ROLE OF WATER LOSS IN RIPENING OF HASS AVOCADOS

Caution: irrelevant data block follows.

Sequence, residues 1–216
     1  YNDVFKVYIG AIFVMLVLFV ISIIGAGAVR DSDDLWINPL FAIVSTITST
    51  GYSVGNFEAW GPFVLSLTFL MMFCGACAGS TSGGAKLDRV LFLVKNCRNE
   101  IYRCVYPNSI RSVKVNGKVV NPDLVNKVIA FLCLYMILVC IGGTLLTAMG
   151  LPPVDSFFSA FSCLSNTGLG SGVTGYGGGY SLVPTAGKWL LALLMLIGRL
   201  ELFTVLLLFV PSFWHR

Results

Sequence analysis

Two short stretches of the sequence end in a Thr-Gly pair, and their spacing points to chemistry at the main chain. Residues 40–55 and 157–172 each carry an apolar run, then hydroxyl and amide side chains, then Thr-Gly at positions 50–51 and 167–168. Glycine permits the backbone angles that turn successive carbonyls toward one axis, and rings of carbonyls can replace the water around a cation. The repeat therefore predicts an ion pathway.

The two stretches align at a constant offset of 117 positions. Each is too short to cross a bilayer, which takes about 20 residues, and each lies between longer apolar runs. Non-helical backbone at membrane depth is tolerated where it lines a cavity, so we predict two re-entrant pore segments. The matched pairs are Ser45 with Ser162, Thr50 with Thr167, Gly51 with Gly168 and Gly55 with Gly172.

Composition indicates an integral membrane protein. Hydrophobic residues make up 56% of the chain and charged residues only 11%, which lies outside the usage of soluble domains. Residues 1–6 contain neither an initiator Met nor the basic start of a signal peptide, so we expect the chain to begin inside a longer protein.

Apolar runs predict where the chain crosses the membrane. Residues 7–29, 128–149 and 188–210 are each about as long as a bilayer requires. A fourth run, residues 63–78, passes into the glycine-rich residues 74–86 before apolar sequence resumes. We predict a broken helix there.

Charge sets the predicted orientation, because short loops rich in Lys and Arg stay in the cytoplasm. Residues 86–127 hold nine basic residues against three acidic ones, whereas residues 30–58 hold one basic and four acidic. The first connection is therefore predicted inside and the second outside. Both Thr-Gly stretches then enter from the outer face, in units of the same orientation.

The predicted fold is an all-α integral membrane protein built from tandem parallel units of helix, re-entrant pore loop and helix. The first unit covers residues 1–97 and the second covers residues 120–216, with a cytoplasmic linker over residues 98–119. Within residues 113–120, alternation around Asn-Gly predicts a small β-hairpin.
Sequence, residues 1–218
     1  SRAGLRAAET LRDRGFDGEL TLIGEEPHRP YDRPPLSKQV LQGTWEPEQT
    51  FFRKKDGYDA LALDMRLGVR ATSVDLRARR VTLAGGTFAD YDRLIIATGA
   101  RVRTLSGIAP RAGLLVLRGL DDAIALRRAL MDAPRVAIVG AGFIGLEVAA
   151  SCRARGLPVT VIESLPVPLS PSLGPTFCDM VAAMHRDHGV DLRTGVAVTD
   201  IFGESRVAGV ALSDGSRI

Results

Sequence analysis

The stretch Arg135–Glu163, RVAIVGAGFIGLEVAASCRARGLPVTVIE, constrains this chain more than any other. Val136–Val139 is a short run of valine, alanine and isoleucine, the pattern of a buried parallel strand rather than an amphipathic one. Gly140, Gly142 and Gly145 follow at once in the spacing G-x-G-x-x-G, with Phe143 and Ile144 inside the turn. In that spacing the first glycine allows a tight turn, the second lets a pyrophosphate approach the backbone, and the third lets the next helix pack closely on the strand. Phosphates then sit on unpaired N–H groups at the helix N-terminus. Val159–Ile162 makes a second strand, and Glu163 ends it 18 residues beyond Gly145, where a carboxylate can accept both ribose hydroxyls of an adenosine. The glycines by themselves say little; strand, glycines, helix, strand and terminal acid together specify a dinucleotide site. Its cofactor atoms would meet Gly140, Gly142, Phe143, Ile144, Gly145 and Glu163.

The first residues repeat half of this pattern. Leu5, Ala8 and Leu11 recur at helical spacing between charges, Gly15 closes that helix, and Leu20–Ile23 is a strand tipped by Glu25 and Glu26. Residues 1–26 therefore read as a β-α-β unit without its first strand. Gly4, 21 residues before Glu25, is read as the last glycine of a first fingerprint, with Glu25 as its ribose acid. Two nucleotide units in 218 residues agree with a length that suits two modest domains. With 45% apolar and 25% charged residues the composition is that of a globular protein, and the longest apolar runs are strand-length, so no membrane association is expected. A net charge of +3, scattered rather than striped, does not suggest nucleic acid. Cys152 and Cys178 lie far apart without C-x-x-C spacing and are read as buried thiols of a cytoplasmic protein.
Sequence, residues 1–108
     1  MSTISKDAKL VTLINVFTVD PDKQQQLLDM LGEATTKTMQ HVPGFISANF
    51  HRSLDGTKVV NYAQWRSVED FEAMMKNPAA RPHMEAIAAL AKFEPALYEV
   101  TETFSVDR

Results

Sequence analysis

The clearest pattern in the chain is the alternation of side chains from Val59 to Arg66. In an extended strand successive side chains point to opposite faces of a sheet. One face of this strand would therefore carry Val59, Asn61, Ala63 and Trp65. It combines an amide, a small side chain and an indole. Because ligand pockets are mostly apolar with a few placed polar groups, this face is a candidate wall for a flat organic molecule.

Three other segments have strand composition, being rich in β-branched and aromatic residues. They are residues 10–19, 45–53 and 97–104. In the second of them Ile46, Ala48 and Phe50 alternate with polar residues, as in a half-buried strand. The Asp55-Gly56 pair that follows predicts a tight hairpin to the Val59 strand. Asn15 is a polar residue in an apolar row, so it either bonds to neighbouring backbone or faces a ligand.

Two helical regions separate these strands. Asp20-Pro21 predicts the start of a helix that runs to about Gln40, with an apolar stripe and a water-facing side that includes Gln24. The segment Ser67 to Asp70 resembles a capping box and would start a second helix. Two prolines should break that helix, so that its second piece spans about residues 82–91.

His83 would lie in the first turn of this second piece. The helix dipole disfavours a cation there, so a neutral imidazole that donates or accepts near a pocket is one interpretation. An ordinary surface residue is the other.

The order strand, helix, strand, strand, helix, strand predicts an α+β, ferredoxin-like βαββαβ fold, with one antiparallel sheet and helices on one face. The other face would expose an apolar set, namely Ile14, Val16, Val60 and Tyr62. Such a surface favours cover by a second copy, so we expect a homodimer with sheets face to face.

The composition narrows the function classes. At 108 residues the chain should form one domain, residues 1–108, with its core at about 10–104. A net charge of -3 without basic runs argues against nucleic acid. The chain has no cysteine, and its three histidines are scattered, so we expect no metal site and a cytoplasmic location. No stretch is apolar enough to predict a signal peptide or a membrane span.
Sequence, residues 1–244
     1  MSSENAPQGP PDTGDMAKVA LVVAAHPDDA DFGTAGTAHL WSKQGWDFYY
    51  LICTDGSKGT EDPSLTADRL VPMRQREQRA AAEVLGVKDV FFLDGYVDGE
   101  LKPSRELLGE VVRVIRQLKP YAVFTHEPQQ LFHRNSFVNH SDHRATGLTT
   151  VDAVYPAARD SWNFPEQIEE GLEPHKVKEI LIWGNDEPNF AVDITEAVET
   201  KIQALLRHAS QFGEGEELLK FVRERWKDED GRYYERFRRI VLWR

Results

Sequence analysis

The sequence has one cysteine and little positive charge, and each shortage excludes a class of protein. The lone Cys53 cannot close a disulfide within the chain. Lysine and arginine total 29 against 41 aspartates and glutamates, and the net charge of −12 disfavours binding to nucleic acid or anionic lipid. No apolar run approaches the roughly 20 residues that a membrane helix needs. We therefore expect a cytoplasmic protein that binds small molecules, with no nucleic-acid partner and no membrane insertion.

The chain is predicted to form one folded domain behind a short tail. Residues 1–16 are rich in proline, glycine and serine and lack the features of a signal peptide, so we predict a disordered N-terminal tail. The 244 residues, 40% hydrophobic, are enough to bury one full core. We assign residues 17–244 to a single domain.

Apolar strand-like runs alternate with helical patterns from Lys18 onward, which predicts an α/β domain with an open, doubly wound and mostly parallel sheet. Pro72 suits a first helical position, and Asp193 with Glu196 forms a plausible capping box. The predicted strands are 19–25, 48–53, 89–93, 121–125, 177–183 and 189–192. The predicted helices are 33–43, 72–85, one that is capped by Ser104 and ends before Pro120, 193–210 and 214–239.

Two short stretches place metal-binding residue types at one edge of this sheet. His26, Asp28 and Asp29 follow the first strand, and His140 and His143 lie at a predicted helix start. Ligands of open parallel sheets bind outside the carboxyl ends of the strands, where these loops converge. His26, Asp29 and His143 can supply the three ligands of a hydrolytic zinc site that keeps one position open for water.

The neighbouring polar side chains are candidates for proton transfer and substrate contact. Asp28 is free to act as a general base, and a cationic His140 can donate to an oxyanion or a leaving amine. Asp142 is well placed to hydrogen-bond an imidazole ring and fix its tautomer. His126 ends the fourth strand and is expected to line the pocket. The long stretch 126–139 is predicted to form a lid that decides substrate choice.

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1 New Zealand Avocado Growers' Association Annual Research Report : ROLE OF WATER LOSS IN RIPENING OF HASS AVOCADOS N. LALLUM, M. PUNTER, G. HAYNES, P. PIDAKALA, J. BURDON Hort Research, Private Bag 92 / 69, Auckland ABSTRACT Increased water loss was induced at different stages of ripening (inhibition, preclimacteric, climacteric and post-climacteric phases) to determine its effect on ripening and the incidence of rots. In addition, to determine whether water loss was acting through or independently of the ethylene pathway, 1-aminocyclopropane carboxylic acid (ACC) content and ethylene forming enzyme (EFE) activity in fruit was determined after water loss treatments. To increase water loss during a ripening phase, fruit were transferred from high humidity conditions (>95% RH) to low humidity conditions (<20% RH) for the duration of that phase before returning to high humidity conditions. Fruit remained at 20 C throughout the water loss treatments and the duration of ripening. Transferring fruit to low humidity conditions during these ripening phases increased water loss by approx %. Increased water loss during the inhibition phase increased the rate of respiration and ethylene production and advanced ripening by approx. 2 days, and decreased the incidence of stem-end rots from approx. 50% in control fruit to approx. 19%. Similarly, when water loss was increased during the preclimacteric, climacteric and post-climacteric phases, stem-end rots were reduced to approx. 35%. Increasing water loss during the pre-climacteric, climacteric or postclimacteric phases also increased the rate of respiration but rates of ethylene production and ripening were not markedly affected. The ACC content increased from 0.12 nmol/g at the end of the inhibition phase to 5.86 nmol/g at the end of the climacteric phase. EFE activity increased with the progression of ripening from 1.261/kg.h at the end of the inhibition phase to 7.521/kg.h at the end of the post-climacteric phase. The greatest increase in ACC content and EFE activity occurred during the climacteric phase It is concluded that water loss during initial stages of ripening affects the rate of ripening and the incidence of rots and thereby strongly impacts on fruit quality. Water loss during the later stages of ripening, i.e. during rapid softening have little or no effect. The effects of water loss on fruit physiology and quality are most likely acting through ethylene biosynthesis Keywords: ripening phases